CDEX Web Magazine 地球発見

Special Topic 2:A third go at the forests beneath the seafloor How do coalbeds impact on the deep biosphere?

There is a wide distribution of coalbeds along the western margin of Eurasian plate, stretching from the Sea of Okhotsk to the South China Sea.
These coalbeds originate from plant life on land and in shallow seas now deeply buried in the earth, and are in other words the forests beneath the sea floor. In the process where plant tissue transforms into highly pure coal a variety of organic matter is released, and it seems that deep below the sea floor there are microorganisms feeding off this organic matter. What kind of relationship exists between the subseafloor forests and the microorganisms? If we form an understanding of the matter cycles of the earth itself, the future global environment and sustainable energy cycling systems may become clearer.
(Published online September 2012)

Fumio Inagaki
Group Leader, Senior Scientist, Geomicrobiology Group,Kouchi Institute for Core Sample Research,Japan Agency for Marine-Earth Science and Technology(JAMSSTEC).

Organic compounds supplied by coal

 Rich coal fields lay buried beneath the continental edge of the Western Pacific. From the southern tip of Hokkaido to the coast off Hachinohe in Aomori Prefecture, thick coal beds are also lying in strata at depths of even more than 2,000m beneath the surface. Coal is formed when plant matter on land gets buried deep underground and matures through underground pressure or heat. Good quality coal consists of lumps of almost pure carbon. Broadly speaking, the bodies of living organisms are made up from carbon and nitrogen, hydrogen and oxygen. In other words, coal is formed when mainly elements such as hydrogen and oxygen disappear from the bodies of living organisms and carbon remains. Organic matter that has been buried in ancient times turns into coal while releasing various low molecular weight compounds.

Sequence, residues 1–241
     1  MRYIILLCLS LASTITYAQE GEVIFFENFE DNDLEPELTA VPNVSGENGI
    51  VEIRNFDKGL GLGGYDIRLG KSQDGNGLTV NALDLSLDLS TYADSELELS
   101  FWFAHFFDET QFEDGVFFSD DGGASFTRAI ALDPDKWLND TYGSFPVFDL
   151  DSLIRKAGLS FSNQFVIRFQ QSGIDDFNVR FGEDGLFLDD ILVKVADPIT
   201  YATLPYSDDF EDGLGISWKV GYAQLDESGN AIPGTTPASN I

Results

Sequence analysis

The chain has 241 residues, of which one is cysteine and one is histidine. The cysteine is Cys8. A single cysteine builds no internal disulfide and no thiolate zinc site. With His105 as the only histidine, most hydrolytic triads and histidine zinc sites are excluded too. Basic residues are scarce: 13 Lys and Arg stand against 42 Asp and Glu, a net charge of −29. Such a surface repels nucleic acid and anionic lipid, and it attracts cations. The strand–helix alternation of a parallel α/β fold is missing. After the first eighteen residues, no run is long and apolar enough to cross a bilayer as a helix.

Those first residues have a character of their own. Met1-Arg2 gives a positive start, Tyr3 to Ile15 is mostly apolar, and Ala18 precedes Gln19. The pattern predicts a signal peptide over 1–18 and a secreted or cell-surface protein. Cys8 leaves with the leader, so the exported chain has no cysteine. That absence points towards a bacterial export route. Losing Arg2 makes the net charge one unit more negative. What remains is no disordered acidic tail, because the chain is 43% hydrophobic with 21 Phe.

Wood is impossible to eat for most living creatures. It is a different story however if it is turned into simple organic matter or inorganic compounds. Could the coal at this stage of maturity be a source of food for the microorganisms living in the small cracks in the deposits and rock deep in the earth? The IODP expedition 337: Deep Coalbed Biosphere off Shimokita from July 25 – September 30, 2012 intended to investigate exactly that.

 Already in 2006, the CHIKYU went on an expedition for shakedown cruise on completion off the coast at Hachinohe, and confirmed the existence of vast numbers of microorganisms up to a depth of 350m beneath the seafloor, which is itself at a depth of 1,180m under water. According to Dr. Fumio Inagaki who lead the 2012 expedition as Co-chief Scientist, there are over 100 times more microorganisms compared to the seafloor deposits off the coast. “The reason that there are this many microorganisms will be because of the nutrients supplied by the diatomaceous sediment which has a high sedimentation rate and high water content, and by the underground coalbeds,” explains Inagaki.

 The coalbeds are situated at 2,000m from the surface of the seafloor. These deposits of the Hachinohe coast are where photosynthetic organisms such as diatoms that inhabit the seawater’s surface layer settled as marine snow and formed deposits deep beneath the seafloor, or in other words, diatomaceous sediment. If sedimentation rates are high deposits will be comparatively new, even if they are deep underground, and organic matter that can make use of that, such as ancient life forms, will be plentiful. Of these, diatoms are phytoplankton which has siliceous shells. Diatomaceous sediment, which is formed from these deposited shells, is full of cracks because of these accumulations of tiny shells. “The presence of those many cracks means that water can easily move through it. In which case it is not only the supply sinking and settling from top to bottom that impacts on the subseafloor supply, but there may also be a system where nutrients coming from the coalbeds deep underground are supplied from the deep towards the surface layers. In Inagaki’s thinking, there is a dynamic world of the Hachinohe coast where organic material is supplied from coalbeds at a depth of over 2,000m beneath the seafloor to the seafloor surface.

Collecting a core sample